Broadway impresario Rick Miramontez notes that the producers of that show “have had all kinds of, um, interesting people in Chicago just for the name value, and so many times it’s worked, and sometimes it’s been a train wreck and it’s worked even better, so not out of the question. And as Miss Patti LuPone revealed when she rescinded her Equity card, you do not have to be a member of Equity to appear on Broadway, so he can bypass that and go right to the stage.” Equity minimum pay is $2,439 a week, and Santos would presumably make more than that. If he can’t keep up with the Fosse choreography, playing in drag as Mama Morton might be a realistic option.

Others are already cashing in on the Santos story. Mark Chiusano, a journalist who covered Santos for Newsday, rushed out a book that was just optioned by HBO, which has the Santos camp fuming. “George doesn’t want Chiusano getting rich off his name,” says one former Santos staffer. Somewhat hilariously, this person feels that if there are any hacks who deserve to profit off his downfall, it ought to be Michael Gold and Grace Ashford of the New York Times, since they broke the story of his fraudulent lifestyle and led the rest of the media on it, or Jacqueline Sweet of Patch, because, the ex-staffer says, “she at least got some of the gritty, hard-to-get stories about stealing credit cards and the Burberry scarf and the dead charity dog. Chiusano slacked on the reporting.” (They’re also all rolling their eyes this week at Naysa Woomer, a former Santos communications director who has been getting booked on cable news to trash her old boss: “Everybody fucking hates her, and nobody will hire her ever again. She got caught talking shit about her boss to the media in a James O’Keefe video.”)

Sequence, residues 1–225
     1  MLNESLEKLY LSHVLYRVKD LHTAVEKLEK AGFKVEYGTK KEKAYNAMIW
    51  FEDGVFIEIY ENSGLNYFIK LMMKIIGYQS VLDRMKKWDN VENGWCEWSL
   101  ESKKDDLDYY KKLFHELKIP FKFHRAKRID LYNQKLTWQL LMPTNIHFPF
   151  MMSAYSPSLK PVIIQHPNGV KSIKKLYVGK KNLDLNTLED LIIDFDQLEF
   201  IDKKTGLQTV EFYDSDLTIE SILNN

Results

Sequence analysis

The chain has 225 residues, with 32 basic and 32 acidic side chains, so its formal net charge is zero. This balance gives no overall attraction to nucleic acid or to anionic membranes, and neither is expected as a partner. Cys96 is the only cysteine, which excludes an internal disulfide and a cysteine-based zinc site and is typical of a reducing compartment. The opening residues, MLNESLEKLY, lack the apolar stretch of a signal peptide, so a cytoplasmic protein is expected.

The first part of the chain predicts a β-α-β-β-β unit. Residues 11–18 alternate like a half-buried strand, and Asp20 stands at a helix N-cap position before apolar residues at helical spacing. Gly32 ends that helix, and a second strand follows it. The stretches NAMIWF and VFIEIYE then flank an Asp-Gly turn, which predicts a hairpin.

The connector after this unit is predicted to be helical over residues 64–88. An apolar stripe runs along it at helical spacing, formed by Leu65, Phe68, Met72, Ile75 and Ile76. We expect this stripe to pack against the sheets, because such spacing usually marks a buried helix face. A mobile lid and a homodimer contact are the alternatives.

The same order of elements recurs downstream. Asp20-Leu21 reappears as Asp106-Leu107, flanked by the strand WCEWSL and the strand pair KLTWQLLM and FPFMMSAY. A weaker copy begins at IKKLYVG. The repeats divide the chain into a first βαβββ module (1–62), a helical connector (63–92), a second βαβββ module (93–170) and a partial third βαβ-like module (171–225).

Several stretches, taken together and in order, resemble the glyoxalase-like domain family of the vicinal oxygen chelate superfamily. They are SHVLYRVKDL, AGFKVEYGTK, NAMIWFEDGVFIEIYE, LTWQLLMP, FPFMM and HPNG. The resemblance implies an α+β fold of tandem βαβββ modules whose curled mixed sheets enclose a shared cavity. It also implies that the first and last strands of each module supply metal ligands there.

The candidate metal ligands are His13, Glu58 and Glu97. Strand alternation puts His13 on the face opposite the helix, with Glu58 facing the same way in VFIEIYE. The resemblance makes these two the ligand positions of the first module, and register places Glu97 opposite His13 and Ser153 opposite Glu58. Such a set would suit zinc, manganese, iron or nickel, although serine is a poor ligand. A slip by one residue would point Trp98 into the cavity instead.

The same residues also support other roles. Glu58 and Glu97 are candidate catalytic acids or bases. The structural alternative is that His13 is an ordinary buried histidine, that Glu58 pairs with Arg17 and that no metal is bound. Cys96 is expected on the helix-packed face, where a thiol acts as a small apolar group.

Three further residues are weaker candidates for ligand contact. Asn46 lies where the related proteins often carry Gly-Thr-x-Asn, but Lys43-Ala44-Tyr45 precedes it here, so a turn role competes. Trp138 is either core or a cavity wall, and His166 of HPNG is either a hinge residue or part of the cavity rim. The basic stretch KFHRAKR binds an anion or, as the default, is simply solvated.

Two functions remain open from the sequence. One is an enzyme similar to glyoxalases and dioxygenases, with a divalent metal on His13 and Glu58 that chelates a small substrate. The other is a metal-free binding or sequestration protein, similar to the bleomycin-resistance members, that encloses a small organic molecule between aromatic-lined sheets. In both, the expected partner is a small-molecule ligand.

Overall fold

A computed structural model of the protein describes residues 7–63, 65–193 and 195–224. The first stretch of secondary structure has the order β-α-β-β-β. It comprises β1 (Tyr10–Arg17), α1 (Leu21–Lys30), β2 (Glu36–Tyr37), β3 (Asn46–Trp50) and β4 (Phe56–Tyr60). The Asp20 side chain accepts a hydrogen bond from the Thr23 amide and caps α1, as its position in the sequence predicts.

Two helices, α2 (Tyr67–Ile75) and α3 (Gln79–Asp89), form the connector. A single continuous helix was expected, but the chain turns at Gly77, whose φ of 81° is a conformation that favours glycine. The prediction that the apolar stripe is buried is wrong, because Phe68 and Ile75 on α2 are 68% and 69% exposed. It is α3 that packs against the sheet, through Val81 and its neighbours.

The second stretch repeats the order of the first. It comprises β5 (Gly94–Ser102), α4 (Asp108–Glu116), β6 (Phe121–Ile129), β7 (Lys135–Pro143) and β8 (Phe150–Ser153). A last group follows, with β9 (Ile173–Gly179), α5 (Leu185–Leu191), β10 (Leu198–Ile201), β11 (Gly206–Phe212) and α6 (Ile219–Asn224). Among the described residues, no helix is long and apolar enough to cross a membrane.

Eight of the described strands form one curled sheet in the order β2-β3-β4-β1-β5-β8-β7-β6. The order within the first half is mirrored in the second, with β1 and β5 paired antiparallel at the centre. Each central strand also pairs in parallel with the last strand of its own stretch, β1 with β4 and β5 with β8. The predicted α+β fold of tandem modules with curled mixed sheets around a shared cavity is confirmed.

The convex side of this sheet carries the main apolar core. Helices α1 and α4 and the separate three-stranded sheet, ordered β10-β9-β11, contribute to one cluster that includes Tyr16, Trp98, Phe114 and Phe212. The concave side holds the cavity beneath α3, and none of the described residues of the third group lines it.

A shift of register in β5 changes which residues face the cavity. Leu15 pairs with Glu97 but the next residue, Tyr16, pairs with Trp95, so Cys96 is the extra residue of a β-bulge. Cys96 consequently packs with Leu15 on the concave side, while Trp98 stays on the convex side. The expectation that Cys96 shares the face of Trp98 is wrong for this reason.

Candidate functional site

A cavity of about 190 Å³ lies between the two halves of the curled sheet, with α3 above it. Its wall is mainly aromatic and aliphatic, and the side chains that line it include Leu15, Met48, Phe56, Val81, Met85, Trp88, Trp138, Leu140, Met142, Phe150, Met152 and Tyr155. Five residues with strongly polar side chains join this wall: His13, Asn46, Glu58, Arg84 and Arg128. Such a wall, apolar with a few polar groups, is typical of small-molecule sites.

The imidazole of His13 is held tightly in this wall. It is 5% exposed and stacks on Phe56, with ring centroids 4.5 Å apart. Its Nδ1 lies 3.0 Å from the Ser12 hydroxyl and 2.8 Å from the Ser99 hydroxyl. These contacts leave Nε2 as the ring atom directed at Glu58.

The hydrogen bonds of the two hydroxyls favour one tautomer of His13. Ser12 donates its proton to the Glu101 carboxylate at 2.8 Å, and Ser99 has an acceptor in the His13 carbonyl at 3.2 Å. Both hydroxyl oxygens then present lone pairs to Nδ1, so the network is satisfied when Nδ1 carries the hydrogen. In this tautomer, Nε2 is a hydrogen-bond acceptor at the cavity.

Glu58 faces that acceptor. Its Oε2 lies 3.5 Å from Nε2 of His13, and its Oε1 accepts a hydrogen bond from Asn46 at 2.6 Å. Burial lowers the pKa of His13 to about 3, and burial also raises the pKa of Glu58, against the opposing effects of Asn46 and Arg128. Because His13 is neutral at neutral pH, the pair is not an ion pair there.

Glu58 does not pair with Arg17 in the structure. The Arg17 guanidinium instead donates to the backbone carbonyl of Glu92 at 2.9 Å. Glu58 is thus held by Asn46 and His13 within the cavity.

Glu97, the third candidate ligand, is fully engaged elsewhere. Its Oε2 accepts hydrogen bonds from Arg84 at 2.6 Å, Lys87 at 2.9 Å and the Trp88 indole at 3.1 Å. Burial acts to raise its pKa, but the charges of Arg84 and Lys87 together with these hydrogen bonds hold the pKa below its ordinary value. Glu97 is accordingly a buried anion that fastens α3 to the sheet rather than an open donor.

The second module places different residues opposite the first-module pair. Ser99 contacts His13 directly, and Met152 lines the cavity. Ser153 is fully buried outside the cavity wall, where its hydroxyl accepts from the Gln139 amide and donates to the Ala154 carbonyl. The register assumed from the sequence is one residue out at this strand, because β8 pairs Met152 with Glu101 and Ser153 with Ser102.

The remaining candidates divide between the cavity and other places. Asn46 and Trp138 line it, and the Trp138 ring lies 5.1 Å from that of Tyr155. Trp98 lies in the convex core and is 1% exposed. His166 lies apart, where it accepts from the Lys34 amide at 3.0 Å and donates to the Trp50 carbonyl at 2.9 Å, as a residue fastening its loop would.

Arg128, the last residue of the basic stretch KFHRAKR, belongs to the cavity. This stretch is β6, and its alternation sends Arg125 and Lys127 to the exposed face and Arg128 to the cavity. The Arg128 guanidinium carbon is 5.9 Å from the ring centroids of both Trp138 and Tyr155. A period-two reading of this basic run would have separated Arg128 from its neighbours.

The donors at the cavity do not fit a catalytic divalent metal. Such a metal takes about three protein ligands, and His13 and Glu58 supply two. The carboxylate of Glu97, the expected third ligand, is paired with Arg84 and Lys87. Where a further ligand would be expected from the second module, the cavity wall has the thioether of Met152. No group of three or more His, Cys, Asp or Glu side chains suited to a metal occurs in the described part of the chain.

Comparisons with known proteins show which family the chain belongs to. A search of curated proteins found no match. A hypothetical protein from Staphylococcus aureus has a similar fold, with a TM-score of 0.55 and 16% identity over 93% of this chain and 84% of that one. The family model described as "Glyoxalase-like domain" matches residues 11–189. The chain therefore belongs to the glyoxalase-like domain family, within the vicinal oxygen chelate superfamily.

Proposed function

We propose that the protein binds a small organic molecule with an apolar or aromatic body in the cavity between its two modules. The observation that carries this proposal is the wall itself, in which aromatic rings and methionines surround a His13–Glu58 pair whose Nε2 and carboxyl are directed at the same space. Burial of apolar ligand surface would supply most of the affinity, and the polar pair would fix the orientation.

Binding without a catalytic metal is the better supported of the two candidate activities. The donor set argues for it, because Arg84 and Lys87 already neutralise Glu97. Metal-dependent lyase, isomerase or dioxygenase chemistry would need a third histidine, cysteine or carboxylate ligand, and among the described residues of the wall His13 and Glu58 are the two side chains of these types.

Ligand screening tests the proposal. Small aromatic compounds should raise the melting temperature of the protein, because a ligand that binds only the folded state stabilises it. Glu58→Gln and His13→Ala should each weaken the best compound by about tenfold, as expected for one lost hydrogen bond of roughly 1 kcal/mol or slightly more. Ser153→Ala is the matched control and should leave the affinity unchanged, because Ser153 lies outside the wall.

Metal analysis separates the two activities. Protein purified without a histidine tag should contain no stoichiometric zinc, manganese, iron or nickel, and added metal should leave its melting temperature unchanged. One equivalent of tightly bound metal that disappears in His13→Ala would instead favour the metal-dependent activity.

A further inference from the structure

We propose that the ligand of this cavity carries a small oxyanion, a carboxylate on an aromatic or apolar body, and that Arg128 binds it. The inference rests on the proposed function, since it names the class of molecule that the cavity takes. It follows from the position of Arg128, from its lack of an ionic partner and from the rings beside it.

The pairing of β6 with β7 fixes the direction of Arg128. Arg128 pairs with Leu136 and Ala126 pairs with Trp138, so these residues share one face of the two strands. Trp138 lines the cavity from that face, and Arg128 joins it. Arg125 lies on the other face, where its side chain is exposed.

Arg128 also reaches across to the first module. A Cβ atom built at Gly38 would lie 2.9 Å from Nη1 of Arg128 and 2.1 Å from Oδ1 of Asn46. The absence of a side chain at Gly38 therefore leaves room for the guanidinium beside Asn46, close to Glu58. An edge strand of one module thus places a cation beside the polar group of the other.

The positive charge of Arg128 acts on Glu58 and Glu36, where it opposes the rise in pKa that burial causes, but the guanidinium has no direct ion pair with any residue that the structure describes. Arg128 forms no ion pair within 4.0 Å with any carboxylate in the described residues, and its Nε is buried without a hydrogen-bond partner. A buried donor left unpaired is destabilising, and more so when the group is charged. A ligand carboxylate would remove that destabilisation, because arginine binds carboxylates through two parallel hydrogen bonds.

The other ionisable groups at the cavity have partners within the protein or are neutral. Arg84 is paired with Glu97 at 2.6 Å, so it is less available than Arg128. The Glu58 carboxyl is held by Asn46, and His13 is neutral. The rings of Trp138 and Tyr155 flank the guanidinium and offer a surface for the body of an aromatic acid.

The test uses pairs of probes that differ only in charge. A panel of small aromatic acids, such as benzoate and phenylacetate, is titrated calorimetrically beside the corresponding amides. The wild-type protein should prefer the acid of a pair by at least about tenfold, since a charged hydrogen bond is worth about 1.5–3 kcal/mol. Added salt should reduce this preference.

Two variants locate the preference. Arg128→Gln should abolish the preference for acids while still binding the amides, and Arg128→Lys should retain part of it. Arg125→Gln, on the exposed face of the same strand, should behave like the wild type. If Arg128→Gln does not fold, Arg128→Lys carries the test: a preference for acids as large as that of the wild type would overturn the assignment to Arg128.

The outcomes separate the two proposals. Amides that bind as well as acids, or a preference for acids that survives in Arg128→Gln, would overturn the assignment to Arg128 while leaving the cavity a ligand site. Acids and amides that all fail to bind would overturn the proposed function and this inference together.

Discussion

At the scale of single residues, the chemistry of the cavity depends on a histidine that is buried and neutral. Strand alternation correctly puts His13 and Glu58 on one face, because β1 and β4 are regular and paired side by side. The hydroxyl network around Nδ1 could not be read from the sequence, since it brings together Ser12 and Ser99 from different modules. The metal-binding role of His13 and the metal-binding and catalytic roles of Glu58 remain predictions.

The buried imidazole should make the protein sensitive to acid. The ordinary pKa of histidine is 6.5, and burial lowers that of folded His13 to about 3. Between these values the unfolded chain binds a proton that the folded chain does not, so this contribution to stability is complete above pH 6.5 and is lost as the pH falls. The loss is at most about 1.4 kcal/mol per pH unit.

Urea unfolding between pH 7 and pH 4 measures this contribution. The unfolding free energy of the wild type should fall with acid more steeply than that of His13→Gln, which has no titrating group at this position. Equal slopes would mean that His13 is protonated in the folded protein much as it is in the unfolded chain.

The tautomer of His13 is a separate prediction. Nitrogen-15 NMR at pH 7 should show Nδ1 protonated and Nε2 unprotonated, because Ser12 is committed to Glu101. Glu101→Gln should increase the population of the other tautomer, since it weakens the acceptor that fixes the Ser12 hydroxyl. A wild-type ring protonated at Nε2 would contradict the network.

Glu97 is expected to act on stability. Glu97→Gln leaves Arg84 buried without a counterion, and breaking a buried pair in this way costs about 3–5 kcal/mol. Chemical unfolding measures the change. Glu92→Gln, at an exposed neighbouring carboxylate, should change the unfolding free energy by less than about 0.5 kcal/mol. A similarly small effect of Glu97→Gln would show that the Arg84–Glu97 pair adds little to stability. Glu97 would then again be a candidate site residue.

Chiusano chuckles at all this and says, “I could see him going into the podcast world. He’s a big podcast guy. I listened to hours and hours of podcasts he did on both of his campaigns, and he’s very good at it, and he kind of gets the patter, and he knows how to be funny and make jokes.” He adds, “There’s this whole tradition in New York politics of disgraced politicians going into media. Anthony Weiner has done it. I think Spitzer had a TV show at one point.” (He did, on CNN, from 2010 to 2011.) Many washed-up Republicans, such as Rudy Giuliani and Bill O’Reilly, end up with shows on 77-WABC radio, which is owned by the Gristedes billionaire John Catsimatidis. But he tells me he probably wouldn’t give Santos a show. “I’ve known Rudy for 30 years, and I’ve known Anthony Weiner for 30 years,” says Catsimatidis. “We still don’t know who this guy is. We’ve known him for about five minutes.”

“He’s a weird case,” Weiner says when I ask him what Santos should, or can, do next. “It seems like there’s a short-term leaning into the mockery thing that he’s doing, which, based on the Cameo stuff, seems to be working for him, but I think the guy is going to prison, so it’s kind of ignoring the elephant in the room to talk about his future career when he could be going away for a while.” (Still, if anything, Martha Stewart became even more iconic after her stint behind bars.)

And while he might have some endorsement potential for, say, a red-state brand like MyPillow, he will have trouble becoming a high-end influencer. As talent manager Kendall Werts put it: “I don’t even think Dolce & Gabbana would touch him.” But there are many ways to make it on the internet these days. On December 13, when someone on X asked him, “what is it you do for a living these days I forget,” he replied, “Live off of the awesome monetization your engagements on my timeline generates me.😘😘😘”

I learned my lesson after I paid for a Cameo in a prankish attempt to get Santos to go on the record. He fulfilled the Cameo request: “Hey, Shawn McCreesh, or should I say ‘McCreepy.’ I can’t believe you came on to my Cameo to ask for tea, and reference to the crappy story you wrote for New York Magazine, when I clearly told you I was not interested. But anyway, there’s always a will to a way and I guess your will was to pay me to tell you this on Cameo: Byeeee, Shawn, it ain’t gunna happpppppen.”

I shared it on my Instagram. Everyone thought it was really funny.

More on george santos

See All
George Santos Knows He Deserves to Be a Star